Two Cases of Monkeypox-Associated Encephalomyelitis — Colorado and the District of Columbia, July–August 2022
Weekly / September 23, 2022 / 71(38);1212–1215
On September 13, 2022, this report was posted online as an MMWR Early Release.
Daniel M. Pastula, MD1,*; Matthew J. Copeland, DO2,*; Markus C. Hannan, MD3; Samuel Rapaka, DO2; Takashi Kitani, MD4; Elizabeth Kleiner, MD3; Adrienne Showler, MD2; Cindy Yuen, DO3; Elizabeth M. Ferriman3; Jennifer House, DVM5; Shannon O’Brien, MD5; Alexis Burakoff, MD5; Bhavik Gupta, DO6; Kelli M. Money, MD, PhD1; Elizabeth Matthews, MD1; J. David Beckham, MD1; Lakshmi Chauhan, MD1; Amanda L. Piquet, MD1; Rebecca N. Kumar, MD2; Carlo S. Tornatore, MD4; Kia Padgett, MPH7; Kevin O’Laughlin, MD7; Anil T. Mangla, PhD8; Princy N. Kumar, MD2; Kenneth L. Tyler, MD1; Siobhán M. O’Connor, MD7 (View author affiliations)View suggested citation
What is already known about this topic?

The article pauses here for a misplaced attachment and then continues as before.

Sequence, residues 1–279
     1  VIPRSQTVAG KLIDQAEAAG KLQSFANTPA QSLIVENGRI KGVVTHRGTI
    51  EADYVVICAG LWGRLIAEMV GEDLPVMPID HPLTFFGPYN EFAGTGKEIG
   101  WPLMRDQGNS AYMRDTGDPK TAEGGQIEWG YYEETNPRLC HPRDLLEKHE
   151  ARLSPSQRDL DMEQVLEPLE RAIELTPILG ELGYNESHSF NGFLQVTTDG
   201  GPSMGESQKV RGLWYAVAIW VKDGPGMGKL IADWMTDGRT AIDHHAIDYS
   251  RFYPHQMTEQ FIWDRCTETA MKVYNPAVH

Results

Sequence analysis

Monkeypox virus (MPXV) typically causes a febrile illness with lymphadenopathy and a diffuse vesiculopustular rash; neurologic complications are rare. The current monkeypox outbreak differs clinically and epidemiologically from previous outbreaks, and little is known about potential associated neurologic complications.
What is added by this report?
Two U.S. cases of encephalomyelitis associated with acute MPXV infection were identified during summer 2022. Whether the underlying pathophysiology resulted from direct viral neuroinvasion or a parainfectious autoimmune process is currently unknown.
What are the implications for public health practice?
Suspected cases of neurologic complications of monkeypox should be reported to state, tribal, local, or territorial health departments to improve understanding of the range of clinical manifestations of MPXV infections during the current outbreak and treatment options.